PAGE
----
Yoga is more than asana

When adopting the practice of yoga as a discipline to learn about ourselves, we need to consider layers beyond the physical body: the energetic and mental/emotional layers.

Asanas help to circulate the flow of vital energy (prana) through the body. In the West we tend to measure this vitality in quantity. In yoga we measure vitality by quality as well as quantity. Vitality can arise from the practice of any number of asanas, but its quality differs: from expansion to contraction, heating to cooling or neutralising. Each has a different outcome on our state of body, mind and emotions. Thus we can balance ourselves according to our requirements.

Yoga also teaches us how to direct and manage our vitality. An example from personal experience of frequent teaching overseas is cultivating the ability to switch down into an economy mode, a little like a television on standby. This ability helps to reduce the effects of jet lag.
Vitality is also generated in quantity and quality by the science of breathing known as pranayama, the fourth step in sage Patanjali’s “eight limbs of yoga”.

Traditionally, as suggested in the “eight limbs of yoga”, known as Ashtanga yoga, the mind was the initial point of contact. The principles of social discipline (yamas) and self-discipline (niyamas) are the first two steps of eight in yoga practice. They prepare the mind by cultivating certain qualities and values.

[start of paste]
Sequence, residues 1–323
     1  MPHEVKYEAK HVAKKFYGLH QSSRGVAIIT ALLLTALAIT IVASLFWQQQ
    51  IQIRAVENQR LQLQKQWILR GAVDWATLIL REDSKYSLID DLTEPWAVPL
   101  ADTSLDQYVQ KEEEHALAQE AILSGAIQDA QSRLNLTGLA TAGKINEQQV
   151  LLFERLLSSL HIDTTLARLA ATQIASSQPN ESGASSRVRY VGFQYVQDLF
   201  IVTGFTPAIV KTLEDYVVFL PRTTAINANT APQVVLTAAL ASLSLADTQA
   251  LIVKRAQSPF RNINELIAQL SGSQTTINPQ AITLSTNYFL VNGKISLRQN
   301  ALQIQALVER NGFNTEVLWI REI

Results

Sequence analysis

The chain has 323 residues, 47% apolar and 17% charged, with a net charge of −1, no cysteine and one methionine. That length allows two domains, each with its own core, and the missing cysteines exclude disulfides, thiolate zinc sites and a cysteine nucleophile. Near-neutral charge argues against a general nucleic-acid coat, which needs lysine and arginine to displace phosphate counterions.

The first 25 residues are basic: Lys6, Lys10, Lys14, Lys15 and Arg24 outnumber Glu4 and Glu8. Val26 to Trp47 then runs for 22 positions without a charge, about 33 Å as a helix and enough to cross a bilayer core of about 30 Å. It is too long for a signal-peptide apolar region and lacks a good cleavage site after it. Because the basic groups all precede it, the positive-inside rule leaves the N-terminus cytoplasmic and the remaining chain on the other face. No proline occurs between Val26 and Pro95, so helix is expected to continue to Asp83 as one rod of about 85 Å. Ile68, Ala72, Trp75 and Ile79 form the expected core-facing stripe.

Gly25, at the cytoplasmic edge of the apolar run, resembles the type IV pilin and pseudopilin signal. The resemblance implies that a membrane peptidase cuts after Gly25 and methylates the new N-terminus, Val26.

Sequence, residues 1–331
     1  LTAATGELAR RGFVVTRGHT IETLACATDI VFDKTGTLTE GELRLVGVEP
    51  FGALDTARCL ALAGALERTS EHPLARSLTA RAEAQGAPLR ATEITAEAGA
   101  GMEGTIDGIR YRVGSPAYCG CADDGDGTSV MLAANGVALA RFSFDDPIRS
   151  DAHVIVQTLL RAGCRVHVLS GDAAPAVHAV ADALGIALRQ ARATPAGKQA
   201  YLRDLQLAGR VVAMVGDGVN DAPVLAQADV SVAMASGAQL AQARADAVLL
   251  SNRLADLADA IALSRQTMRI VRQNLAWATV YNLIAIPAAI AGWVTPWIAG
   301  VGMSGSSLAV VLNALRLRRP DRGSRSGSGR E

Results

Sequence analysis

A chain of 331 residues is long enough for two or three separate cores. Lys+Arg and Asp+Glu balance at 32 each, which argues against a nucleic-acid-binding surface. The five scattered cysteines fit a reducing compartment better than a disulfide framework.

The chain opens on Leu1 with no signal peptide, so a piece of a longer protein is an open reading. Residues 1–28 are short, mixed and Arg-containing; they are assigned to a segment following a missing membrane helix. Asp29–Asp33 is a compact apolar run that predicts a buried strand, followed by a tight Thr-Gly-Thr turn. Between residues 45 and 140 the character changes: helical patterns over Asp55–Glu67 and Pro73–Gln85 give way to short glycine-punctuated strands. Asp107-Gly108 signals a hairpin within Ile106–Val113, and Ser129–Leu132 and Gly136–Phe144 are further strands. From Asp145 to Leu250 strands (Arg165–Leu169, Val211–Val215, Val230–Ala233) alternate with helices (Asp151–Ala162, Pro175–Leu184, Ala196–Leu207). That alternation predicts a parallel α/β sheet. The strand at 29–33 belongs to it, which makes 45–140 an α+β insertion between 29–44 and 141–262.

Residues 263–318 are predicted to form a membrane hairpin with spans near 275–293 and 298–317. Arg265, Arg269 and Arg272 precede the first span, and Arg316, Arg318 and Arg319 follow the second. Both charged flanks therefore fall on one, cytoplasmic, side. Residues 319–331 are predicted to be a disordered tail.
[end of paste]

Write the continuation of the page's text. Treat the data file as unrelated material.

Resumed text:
Once established, these principles become the fundamental guides for our approach to everything. The qualities and abilities of yama and niyama are a worthwhile pursuit and an advantage to anyone in any endeavour, be it work, pleasure or, more importantly, as a means of self-management and self-development.

The yamas and niyamas are also suggestive of the appropriate attitude to asana, the third step of Ashtanga yoga.
As we become more skilled (through asana) at movement or stillness of the body and its energy, the mind simultaneously undergoes a process of refinement. This process cultivates certain qualities and abilities. The mind learns to be focused, sharp, ordered and alert without being tense, which causes stress.

The capacity to be inwardly composed, whilst engaged in exerted effort (such as asana), cultivates mental stability, allowing clarity and sensitivity. We can more readily decipher what is and what is not, and respond and interact appropriately, whatever our circumstances. Mental stability opens and engages the portals of perception, the field of all possibilities, and allows breadth of experience in our practice and in our life.
Harmony of the physical, energetic and mental aspects alters our state of consciousness, and everything we experience becomes one, not three. When we manage ourselves in this manner, with regularity, over an extended period of time, we cultivate Constant Integrated Awareness.